The previous policy was less binding

In her view, AU's approach to the issue of gender equality has previously been more non-binding. For example, departments and faculties have not been required to set binding targets for their efforts to attract and retain women in research. They will now have to do this and the figures will be published on an ongoing basis.

"AU's last gender equality plan, which was completed in 2014, didn’t lead to much progress being made. It’s important that we now have management's attention. Not much is going to happen as long as management doesn’t have focus on the problem," says Schmidt.

Anne Marie Pahuus is vice-dean for research and talent development at Arts and has been one of the driving forces in the working group that has designed the action plan. She does not wish to criticise the old gender equality plan, but acknowledges that there is a general sense that it has not worked, and that the new plan must therefore be seen as an attempt to do something different.

"The old plan was also full of targets, so that’s not where the difference lies. But in the new action plan, the staff managers are responsible for this task. The senior management team assumes responsibility, but the actions are located in the environments," says the vice-dean.

No financial penalties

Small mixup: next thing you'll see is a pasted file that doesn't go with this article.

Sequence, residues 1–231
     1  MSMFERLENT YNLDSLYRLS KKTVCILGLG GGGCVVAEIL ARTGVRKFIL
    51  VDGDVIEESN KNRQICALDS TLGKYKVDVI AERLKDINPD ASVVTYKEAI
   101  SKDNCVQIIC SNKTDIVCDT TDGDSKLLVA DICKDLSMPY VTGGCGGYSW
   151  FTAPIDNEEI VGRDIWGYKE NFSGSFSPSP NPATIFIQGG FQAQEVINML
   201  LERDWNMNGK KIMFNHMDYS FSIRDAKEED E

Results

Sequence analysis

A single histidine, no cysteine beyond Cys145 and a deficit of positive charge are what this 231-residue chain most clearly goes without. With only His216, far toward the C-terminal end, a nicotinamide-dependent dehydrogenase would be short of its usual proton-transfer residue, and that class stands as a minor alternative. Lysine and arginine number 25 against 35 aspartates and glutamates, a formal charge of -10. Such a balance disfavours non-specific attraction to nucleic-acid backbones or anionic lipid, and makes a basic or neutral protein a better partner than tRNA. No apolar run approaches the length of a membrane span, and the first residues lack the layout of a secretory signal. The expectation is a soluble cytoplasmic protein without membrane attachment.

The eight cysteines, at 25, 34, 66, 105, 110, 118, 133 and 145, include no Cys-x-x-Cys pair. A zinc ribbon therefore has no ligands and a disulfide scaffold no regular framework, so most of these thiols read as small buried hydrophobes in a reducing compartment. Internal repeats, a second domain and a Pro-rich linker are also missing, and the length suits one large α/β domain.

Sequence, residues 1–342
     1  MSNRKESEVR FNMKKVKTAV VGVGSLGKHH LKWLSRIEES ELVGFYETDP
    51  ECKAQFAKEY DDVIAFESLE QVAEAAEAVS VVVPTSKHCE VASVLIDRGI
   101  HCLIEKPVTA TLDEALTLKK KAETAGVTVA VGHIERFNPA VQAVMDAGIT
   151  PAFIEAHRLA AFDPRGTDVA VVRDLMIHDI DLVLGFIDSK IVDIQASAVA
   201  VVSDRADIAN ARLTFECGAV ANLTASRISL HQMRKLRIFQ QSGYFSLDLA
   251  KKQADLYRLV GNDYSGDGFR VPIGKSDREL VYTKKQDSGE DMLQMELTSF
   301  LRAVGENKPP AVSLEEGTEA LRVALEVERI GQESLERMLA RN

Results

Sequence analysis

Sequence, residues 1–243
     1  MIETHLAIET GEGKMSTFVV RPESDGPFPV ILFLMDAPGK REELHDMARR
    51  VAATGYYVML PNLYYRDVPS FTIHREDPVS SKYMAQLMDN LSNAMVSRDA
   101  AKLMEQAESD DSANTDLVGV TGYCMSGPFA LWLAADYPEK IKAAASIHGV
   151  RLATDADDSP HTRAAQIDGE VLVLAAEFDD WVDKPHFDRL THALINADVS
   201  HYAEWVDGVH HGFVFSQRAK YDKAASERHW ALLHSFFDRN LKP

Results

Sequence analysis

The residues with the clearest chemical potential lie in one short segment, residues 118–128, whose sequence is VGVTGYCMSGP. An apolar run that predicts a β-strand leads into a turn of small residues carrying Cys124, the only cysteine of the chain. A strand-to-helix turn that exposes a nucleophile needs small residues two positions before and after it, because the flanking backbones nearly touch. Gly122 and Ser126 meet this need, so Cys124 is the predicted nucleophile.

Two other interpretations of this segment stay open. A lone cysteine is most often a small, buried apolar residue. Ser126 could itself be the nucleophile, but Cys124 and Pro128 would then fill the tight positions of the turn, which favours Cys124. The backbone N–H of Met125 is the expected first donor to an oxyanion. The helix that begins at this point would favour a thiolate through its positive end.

Together with the individual department heads, the senior management team will conduct an annual follow-up of how the local action planes have fared in reaching their specific target. According to the vice-dean, possible sanctions if a department fails to live up to its own targets have been a topic for discussion, but no agreement on actual forms of sanctions was reached.

"It could be that maybe we won’t approve next year's action plan if someone has totally missed their target and want’s to carry on in the same old way," says Pahuus.

However, she does not personally believe in management by means of financial sanctions:

"I would rather that the people in these environments think that they cannot afford to continue along the path we’ve taken up to now. We must act if we want to avoid becoming a strange, conservative institution in the midst of a society that’s constantly developing."    

Call for gender perspectives in research

Bente Rosenbeck agrees with Evanthia K. Schmidt that implementation is essential for the success of the action plan. She would also like to see AU use the action plan to address the question of becoming better at thinking gender perspectives into research.